That was something to the tune of 20 people. 

Brandon: 

Yeah, you know, it was 20 and I think we had more than 20 with all the people, all the I don’t want to give away what it was. 

Brandon: 

But all the engineers, all the engineer, all the engineering and the people that were in the field, it started to get large and and by the time we left, it was it was probably I don’t want to say 50 but we generally run things under 50. 

Brandon: 

That’s just too. 

Brandon: 

That’s just how I’ve run companies and where they’ve either wound up as And it was really my sweet spot, right? 

Brandon: 

Doesn’t mean that I can’t do 100 or 200. 

Brandon: 

I just play in the smaller place. 

Brandon: 

But I think that that’s gonna be the case when you go from two or 3 to 5 to seven or and then 10 and then 15 and then, you know, over 25 it changes. 

Brandon: 

And then certainly you start reaching 50. 

Brandon: 

The dynamics change and that one company you’re referencing that we that we sold that company grew really fast. 

Gia: 

And and we did need to segment that stuff. 

Gia: 

And it was really important to do that for, ah, lot of not only the company reasons but for the what was your compliance. 

Brandon: 

So I think it’s good feedback. 

Brandon: 

I don’t you’re involved in all of this. 

Brandon: 

So it sounds like to me that we’re trying to do our best, but I have to think that yeah, and I think there’s there’s always gonna be a learning curve that comes with that Teoh segmenting data and figuring out what systems work for your specific team. 

Brandon: 

Because the systems we used for that team are so leaps and bounds outside of what we would ever possibly need for this team. 

Brandon: 

So we figured out how to make that work with the old team, and that was fantastic because that was what we needed for that. 

Brandon: 

But we have thio figure out our groove and figure out the rhythm with this team because people are different and people work differently.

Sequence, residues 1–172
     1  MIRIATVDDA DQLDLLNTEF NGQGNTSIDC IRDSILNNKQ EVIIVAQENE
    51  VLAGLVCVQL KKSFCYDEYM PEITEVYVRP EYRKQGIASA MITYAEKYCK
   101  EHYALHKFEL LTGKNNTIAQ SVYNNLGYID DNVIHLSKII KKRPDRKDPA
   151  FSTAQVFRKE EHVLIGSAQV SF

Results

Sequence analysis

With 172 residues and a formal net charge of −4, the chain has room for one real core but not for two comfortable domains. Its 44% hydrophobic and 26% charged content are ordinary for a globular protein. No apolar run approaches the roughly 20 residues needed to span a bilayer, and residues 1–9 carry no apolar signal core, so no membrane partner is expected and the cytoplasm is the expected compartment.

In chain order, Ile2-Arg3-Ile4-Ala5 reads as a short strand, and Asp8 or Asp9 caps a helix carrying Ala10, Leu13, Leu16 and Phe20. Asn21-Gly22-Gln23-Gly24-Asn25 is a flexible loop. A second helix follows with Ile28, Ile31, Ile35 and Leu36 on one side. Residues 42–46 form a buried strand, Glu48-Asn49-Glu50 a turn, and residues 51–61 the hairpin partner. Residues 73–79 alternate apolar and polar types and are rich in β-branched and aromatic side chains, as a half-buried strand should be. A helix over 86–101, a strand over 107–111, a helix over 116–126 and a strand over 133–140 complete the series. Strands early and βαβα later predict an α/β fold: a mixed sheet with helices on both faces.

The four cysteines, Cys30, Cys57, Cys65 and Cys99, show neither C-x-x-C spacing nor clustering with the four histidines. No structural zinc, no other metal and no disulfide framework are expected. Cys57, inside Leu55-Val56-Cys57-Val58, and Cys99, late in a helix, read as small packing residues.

Brandon: 

And we have a different mission for for this company. 

Brandon: 

So I think that it’s OK that we haven’t completely tackled the learning curve yet. 

Brandon: 

All right, now, I just can’t. 

Brandon: 

Can’t think of anything already that one already could’ve short. 

Brandon: 

We have better explanation of things. 

Brandon: 

What do you think? 

Brandon: 

Uh, I think I do that on purpose. 

Brandon: 

So I managed by results, right? 

Gia: 

I don’t I don’t think when I tell you or say hey, here’s what we got to dio. 

Gia: 

I mean, if you ask me the steps, I’ll give you the steps. 

Gia: 

But I think in general I managed to results, and I’m not micromanage. 

Gia: 

And I’m not gonna tell someone unless I really feel strongly that we need to do X y Z or use X y z so that that that I’m going to say I am aware and I likely I’m not going to change to manage e. 

Gia: 

I think that I’ve I also think that I’ve known you longer than every single person on this list except one person. 

Brandon: 

So I think that one person and that I was gonna say Who? 

Brandon: 

This group? 

Gia: 

Yeah, I’ve known you longer than every single person on this lift except for her. 

Brandon: 

So I think that there’s also a little bit of you get to know a person. 

Brandon: 

You get in their heads and you have Ah, you can have a reasonable expectation of how they’re gonna react, and then you get a situation that not everybody else on this team may have. 

Brandon: 

So I think that that might also be a bit of ah, a bit of a benefit. 

Brandon: 

And I don’t mind the gray area because you definitely do manage from a goal oriented standpoint. 

Brandon: 

It’s just like, this is what we want. 

Brandon: 

I don’t care how you get there, get there, Please. 

Brandon: 

I think that’s why I think that’s what we dio. 

Brandon: 

I mean, we hire really smart people that are smarter than I am. 

Brandon: 

And how would I know? 

Gia: 

All that would be really tired explaining that that’s it. 

Gia: 

And then next we have could soften his approach, which I don’t really think that works. 

Gia: 

E I mean softened my approach. 

Brandon: 

I’ve tried to soften my approach over the years. 

Brandon: 

I mean, I’m, um I don’t know what to say. 

Brandon: 

I think that is a function of intensity. 

Gia: 

Passionate, and, I don’t know, no one said it on there, but I’m pretty Frank. 

Gia: 

And I think I don’t think people are sometimes used to the directness that Yeah, have that. 

Gia: 

Yeah. 

Gia: 

That’s why I can’t really get behind this one. 

Brandon: 

Because I appreciate that more than anything else in a person. 

Brandon: 

Hey, can’t stand wasting time beating around. 

Brandon: 

That would be really hard for me. 

Gia: 

I think that may just be I’m not saying that I’m not aware of it. 

Gia: 

I mean, I don’t know. 

Gia: 

We’ve been working together, what, six years? 

Brandon: 

I mean, I would go out on a limb and say that I think from six years ago, when we first met to start working together, that I probably soften the hate to say blow.